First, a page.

A 2013 report by the EU Agency for Fundamental Rights found that 90% of the people surveyed described having heard homophobic comments or behavior at school. And it’s presumably the prevalence of insult – as well as fear of violence – that explains the fact that 68% said they’d always or often hidden being gay, lesbian or bisexual at this point in their lives.

Did the process of de-gender-izing work come to a halt? For instance: most soldiers are still men and most people working in a kindergarten are still women.

Occupations and economic sectors do remain quite gender segregated. A 2016 report by the UN Women agency also found that globally women earn on average 24% less than men and are less likely to receive a pension. Race, ethnicity, class, citizenship status, and other factors also continue to shape income levels, the occupations and sectors in which people work, and the likelihood of whether one works in the informal economy – where labour standards and regulations often don’t apply.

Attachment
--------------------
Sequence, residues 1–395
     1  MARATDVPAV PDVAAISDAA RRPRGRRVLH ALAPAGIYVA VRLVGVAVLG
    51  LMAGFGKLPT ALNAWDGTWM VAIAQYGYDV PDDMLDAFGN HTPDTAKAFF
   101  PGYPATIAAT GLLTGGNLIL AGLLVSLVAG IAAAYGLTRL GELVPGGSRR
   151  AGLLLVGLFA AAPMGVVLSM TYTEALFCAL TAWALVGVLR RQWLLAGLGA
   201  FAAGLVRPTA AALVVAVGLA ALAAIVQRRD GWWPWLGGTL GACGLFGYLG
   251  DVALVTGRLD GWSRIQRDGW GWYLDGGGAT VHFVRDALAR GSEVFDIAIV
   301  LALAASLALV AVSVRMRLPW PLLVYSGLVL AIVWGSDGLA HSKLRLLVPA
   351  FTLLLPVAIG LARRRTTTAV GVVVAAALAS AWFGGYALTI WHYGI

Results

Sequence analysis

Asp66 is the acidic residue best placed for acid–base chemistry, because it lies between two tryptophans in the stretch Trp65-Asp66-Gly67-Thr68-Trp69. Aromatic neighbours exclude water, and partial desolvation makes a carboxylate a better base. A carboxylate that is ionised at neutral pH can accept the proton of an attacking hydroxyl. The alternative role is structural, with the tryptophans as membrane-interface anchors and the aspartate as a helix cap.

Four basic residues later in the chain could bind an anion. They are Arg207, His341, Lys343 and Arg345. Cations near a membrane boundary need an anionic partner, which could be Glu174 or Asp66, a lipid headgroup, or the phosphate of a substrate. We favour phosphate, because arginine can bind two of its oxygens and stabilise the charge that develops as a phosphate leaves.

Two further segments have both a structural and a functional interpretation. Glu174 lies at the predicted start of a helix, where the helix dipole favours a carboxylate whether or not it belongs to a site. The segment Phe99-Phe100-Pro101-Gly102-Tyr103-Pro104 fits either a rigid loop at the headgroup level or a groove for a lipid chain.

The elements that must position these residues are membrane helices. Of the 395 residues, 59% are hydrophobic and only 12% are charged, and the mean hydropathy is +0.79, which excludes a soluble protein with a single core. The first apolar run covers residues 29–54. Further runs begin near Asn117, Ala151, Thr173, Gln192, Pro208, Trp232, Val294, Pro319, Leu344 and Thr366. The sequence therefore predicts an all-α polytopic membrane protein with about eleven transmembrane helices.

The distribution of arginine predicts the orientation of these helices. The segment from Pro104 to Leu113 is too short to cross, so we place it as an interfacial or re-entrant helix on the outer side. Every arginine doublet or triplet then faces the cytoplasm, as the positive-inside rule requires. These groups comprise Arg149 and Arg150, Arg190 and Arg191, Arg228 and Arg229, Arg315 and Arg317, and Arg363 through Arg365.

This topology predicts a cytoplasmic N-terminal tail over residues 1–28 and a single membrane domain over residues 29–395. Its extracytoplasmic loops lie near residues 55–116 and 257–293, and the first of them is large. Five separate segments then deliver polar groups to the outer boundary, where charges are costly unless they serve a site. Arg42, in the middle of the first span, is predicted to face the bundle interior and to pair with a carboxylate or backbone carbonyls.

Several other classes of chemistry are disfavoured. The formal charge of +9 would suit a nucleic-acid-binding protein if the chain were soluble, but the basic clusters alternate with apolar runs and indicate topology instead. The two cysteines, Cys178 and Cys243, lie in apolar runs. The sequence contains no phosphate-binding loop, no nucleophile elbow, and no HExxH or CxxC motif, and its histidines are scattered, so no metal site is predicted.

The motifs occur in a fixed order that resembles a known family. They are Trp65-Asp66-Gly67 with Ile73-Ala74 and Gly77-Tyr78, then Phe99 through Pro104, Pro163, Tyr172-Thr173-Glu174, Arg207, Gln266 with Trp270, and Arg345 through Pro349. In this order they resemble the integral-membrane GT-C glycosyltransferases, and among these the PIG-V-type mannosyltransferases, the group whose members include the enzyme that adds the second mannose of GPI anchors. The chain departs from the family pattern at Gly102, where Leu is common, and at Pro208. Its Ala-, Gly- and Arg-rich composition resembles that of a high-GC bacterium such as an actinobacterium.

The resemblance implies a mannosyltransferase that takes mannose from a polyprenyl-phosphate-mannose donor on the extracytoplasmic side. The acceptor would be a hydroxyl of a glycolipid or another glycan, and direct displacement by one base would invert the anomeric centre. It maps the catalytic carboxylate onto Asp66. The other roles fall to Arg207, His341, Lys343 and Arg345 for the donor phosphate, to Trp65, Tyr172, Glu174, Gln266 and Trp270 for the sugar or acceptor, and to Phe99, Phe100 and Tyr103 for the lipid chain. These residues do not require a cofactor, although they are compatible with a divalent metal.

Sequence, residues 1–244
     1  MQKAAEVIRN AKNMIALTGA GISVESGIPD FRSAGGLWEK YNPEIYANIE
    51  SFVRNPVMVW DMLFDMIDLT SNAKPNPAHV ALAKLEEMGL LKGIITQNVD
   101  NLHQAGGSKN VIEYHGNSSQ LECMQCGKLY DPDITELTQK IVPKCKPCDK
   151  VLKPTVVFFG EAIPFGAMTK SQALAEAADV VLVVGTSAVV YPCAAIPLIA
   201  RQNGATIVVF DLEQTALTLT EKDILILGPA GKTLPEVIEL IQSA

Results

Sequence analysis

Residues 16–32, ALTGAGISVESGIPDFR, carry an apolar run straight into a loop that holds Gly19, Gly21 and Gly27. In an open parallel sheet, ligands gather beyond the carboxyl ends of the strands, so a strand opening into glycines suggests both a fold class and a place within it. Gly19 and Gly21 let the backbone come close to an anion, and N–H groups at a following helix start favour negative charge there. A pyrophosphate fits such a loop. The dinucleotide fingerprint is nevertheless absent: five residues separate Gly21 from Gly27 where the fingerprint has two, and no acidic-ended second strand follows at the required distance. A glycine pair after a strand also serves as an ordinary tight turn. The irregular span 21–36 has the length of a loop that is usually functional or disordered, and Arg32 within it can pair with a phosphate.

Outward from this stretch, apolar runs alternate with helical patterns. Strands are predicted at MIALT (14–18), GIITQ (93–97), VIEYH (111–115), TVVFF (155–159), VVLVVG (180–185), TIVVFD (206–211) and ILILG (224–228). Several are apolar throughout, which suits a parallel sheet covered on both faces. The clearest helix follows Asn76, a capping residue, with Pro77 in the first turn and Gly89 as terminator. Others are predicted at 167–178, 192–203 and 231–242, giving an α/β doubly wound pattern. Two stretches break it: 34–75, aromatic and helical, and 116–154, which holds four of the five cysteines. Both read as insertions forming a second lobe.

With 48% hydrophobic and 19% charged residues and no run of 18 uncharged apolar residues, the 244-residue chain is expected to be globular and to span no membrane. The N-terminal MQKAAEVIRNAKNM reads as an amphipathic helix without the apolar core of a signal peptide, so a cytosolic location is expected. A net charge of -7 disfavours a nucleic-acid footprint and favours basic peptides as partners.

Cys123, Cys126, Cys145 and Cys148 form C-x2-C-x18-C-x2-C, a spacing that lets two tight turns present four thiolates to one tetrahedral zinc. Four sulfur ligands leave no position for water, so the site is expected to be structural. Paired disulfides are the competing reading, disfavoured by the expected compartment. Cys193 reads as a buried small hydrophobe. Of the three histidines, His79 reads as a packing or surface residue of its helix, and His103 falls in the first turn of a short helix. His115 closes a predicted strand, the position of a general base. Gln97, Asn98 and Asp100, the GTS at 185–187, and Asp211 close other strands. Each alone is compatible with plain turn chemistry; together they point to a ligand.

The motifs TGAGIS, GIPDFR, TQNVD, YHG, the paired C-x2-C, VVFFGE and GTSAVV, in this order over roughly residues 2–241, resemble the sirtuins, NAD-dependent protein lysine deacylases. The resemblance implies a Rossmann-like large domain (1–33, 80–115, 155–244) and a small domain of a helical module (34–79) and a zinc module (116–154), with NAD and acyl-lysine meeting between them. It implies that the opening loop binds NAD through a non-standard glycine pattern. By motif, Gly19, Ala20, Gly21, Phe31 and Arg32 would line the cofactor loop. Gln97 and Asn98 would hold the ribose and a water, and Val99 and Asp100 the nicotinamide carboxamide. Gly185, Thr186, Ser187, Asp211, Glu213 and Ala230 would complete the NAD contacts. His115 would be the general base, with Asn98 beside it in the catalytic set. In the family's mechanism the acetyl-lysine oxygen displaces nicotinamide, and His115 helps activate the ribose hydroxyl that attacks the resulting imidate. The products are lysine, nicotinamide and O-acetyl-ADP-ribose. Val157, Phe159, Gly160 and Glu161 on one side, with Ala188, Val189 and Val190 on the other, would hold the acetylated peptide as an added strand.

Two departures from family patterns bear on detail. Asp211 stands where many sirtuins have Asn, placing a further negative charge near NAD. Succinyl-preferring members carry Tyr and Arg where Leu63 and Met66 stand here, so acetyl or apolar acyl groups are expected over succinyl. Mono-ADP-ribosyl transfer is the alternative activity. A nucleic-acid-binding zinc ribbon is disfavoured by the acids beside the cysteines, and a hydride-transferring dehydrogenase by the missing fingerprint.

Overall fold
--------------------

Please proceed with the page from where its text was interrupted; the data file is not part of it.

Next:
Un-waged work remains heavily gendered too. The same UN agency found that, again on average, women do at least two-and-a-half times more unpaid domestic and care work than men. There are significant differences between and within countries, however. And the amount and type of unwaged work carried out by women is also shaped by income, location, geography, class, caste, race and ethnicity, as well as whether there’s public provision of water, energy, healthcare, sanitation and other services. 

What are the possibilities, assets, tools, one can use, nowadays to support the struggle for equality? 

I think that the question of coalition or alliances is perhaps the most important. There’s an urgent need to develop heterogeneous, democratic social and political projects, movements, and initiatives that can address social and political as well as economic hierarchies. These will need to challenge various nativist, racist and reactionary movements. But they’ll certainly fail unless they’re also able to propose and help create new social, political and economic models; new ways of relating to one another, and new narratives about what it means to live well together.